This past First Friday marked several interesting developments in the growth of arts and culture in Downtown Raleigh. Notably, the new Contemporary Art Museum had its inaugural First Friday opening, DesignBox revisited the extremely popular PBaRt show, Centerline Studios had a Tornado Fundraising art auction, Flanders Art Gallery had an opening, and it was announced that the Visual Art Exchange would be moving from its current location in City Market to a new location in the Warehouse District. Coupled with the Raleigh Institute of Contemporary Art, 311 Martin Street studios, Raleigh Denim’s recently opened store/production center and a very convenient R-Line stop, the Warehouse district seems fully poised to take over as the central cultural and artistic sector of Downtown Raleigh.
Realistically, this was bound to happen, and while it is nice to have lots of galleries strewn all over downtown (this promotes a wider circulation of people and therefor more exposure to the city as a whole), it is comforting to know that there will always be a central area where there is a large concentration of creativity. And what a hub it is! The new Contemporary Art Museum is a fantastic addition to Downtown Raleigh, with large installation pieces and unique architectural stylings that blend a very New York City warehouse gallery feel with an interesting modern flair. Inside was artwork made from industrial byproducts (coat hangers, large cardboard boxes, stretch film) by Dan Steinhilber (below).
The title image at the top of the article is taken from the outside of the massive inflatable installation, looking in. This piece was very popular, and a long line had formed to go inside of it.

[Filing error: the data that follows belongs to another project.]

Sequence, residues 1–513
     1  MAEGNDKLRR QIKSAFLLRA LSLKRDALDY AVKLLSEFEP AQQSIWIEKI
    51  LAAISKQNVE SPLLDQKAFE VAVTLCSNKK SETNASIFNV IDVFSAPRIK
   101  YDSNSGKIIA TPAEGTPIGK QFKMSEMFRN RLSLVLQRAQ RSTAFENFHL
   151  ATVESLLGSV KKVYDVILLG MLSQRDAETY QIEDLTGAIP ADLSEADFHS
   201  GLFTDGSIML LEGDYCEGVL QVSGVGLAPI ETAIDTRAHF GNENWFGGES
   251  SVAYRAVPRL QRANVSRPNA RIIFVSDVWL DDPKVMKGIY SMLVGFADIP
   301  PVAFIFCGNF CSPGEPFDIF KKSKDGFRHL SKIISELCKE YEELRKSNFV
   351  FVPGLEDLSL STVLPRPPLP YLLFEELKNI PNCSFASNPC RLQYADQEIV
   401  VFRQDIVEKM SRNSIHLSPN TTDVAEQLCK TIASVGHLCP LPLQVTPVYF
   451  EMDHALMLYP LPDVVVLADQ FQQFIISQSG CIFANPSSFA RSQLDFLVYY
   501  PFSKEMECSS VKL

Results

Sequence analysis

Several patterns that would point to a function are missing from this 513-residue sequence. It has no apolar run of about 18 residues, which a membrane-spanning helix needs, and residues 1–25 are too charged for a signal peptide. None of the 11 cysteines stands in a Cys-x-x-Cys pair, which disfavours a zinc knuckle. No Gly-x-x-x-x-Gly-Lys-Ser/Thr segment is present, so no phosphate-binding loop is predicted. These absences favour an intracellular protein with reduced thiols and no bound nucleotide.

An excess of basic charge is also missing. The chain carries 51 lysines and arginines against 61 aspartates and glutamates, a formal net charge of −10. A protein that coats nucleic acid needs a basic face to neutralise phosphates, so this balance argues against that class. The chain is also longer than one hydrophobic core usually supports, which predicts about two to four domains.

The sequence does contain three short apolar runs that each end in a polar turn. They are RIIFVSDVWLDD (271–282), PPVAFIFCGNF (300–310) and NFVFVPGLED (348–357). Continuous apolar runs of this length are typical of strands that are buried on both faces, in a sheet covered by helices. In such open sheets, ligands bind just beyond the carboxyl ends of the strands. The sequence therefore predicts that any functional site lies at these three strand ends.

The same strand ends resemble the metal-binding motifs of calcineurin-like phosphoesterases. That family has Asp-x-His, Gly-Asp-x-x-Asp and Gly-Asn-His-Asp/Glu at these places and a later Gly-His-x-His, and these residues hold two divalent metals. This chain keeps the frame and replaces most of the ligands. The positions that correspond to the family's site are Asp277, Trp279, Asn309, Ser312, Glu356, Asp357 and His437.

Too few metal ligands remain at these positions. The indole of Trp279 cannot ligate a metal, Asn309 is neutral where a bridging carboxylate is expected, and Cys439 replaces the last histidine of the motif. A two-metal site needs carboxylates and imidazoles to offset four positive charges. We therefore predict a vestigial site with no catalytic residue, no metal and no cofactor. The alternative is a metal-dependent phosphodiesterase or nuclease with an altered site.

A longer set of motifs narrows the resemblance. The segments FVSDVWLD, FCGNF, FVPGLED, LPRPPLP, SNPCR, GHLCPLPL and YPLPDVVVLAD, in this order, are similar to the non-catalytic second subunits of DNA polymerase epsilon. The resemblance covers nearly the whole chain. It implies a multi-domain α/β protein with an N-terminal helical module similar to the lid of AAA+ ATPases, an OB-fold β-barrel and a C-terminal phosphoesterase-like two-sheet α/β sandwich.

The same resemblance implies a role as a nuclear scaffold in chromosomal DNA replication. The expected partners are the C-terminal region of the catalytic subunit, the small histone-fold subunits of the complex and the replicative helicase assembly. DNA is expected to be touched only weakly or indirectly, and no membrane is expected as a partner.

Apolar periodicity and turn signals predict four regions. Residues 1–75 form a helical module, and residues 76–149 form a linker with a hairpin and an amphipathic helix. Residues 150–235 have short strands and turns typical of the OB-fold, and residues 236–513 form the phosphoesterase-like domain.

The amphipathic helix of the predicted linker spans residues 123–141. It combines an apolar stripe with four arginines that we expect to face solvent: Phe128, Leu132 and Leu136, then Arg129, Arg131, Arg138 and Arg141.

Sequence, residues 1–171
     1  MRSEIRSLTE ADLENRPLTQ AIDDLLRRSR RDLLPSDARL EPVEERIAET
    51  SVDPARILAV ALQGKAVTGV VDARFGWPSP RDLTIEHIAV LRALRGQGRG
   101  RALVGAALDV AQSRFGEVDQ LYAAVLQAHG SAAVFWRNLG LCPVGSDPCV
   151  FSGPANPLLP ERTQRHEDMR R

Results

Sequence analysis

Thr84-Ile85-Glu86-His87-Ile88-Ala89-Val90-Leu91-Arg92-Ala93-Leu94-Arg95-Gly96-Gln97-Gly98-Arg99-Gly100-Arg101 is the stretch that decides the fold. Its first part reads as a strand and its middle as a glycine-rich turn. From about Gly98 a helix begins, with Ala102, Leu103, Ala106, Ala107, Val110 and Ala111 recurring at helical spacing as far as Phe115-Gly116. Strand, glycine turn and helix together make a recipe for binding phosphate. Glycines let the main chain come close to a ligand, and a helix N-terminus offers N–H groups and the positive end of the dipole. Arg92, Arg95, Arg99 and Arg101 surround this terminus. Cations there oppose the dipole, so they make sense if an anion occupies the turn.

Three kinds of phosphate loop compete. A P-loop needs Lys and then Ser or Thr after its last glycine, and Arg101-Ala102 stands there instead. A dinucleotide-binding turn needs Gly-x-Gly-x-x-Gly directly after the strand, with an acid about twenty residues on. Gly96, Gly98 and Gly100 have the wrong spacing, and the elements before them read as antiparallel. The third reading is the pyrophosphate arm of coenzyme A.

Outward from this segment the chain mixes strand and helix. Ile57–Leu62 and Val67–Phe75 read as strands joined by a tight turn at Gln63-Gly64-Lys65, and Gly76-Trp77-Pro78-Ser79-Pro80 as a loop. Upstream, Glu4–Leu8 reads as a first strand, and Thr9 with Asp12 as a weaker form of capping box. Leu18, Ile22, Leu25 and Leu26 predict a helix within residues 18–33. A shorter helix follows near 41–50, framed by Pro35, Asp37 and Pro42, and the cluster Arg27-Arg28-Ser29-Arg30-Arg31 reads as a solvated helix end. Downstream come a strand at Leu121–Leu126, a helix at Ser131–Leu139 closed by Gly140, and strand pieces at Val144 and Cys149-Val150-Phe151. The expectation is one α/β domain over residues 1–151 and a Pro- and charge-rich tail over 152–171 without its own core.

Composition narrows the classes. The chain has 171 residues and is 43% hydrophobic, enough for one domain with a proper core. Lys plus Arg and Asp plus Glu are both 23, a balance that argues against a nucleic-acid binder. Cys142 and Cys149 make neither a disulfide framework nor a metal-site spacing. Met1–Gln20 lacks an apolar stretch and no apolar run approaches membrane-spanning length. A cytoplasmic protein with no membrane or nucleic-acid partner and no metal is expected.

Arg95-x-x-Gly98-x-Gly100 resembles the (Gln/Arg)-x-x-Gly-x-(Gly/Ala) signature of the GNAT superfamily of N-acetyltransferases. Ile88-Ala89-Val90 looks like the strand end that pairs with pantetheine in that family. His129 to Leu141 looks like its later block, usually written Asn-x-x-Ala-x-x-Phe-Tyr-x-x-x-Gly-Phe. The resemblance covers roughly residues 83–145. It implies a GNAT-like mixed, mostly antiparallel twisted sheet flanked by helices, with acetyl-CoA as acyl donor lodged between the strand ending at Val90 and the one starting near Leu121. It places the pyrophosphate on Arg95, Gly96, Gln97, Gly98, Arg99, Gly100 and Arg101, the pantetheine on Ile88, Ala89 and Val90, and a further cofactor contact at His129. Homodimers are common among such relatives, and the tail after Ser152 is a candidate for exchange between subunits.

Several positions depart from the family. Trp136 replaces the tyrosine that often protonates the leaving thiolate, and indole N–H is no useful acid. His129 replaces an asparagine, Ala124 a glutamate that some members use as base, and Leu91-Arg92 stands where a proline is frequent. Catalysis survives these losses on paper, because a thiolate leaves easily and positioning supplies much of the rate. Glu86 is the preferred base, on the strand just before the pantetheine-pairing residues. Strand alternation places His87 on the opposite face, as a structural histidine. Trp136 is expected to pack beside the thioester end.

Naoko Ito’s work, unlike the massive Steinhilber pieces, was much more fragile and articulated, making commentary on the interaction of humans and nature (or the obvious lack there of) in urban environments. Her pieces illustrated the tendency and necessity of people to import nature to their cities, where it cannot easily flourish on its own. The fact that the branches she used were cut up and compartmentalized into jars is also an interesting statement about how nature has to be altered, cut, and dismantled just to move it from wild spaces to urban locations, and how its relocation ultimately emphasizes how out of place it actually is.
The Contemporary Art Museum’s inaugural First Friday show was everything I’d hoped it would be. CAM Raleigh was a smashing success and a good sign for the future. More information about CAM’s hours, exhibitions, location and other events can be found at their website.
Right across the street from CAM was the second annual PBaRt show, put on by DesignBox. Inside was PBR inspired artwork (is there any other kind?) and outside was a band, an OnlyBurger food truck, and a deep supply of PBR. With such a great combination of things, how could one not enjoy themselves?
Sadly, there were several shows I attended but did not take sufficient pictures of: String Theory, a textiles show put on by the NCSU College of Design’s Fish Market, displaying the high quality of work of students from the school. The Fish Market is located at the corner of Fayetteville Street and Hargett Street, right below the Urban Design Center. They would love to see you any Saturday. Stop by sometime and check them out!
Lump also had a show, it was a bit tame by Lump standards, but still interesting with some nice contemporary paintings. If you’ve never been to Lump, or just haven’t been there when the sun is up (kind of like most people’s relationship with the bar formerly known as Jackpot!), they are on Blount Street a block east of the Lincoln Theatre, next to a church.
(Photo By Ian F. G. Dunn)
Lastly, the bikers showed up again, in force, for the monthly Bike First Friday. We easily had over 100 riders, and almost everyone got a free CAM Raleigh T-Shirt. Thanks again to everyone who came out! If you’ve never biked a First Friday, we meet at the Belltower at 7pm and leave soon thereafter for a great ride to lots of cool places. Bring locks, lights, and friends (and bikes, of course!)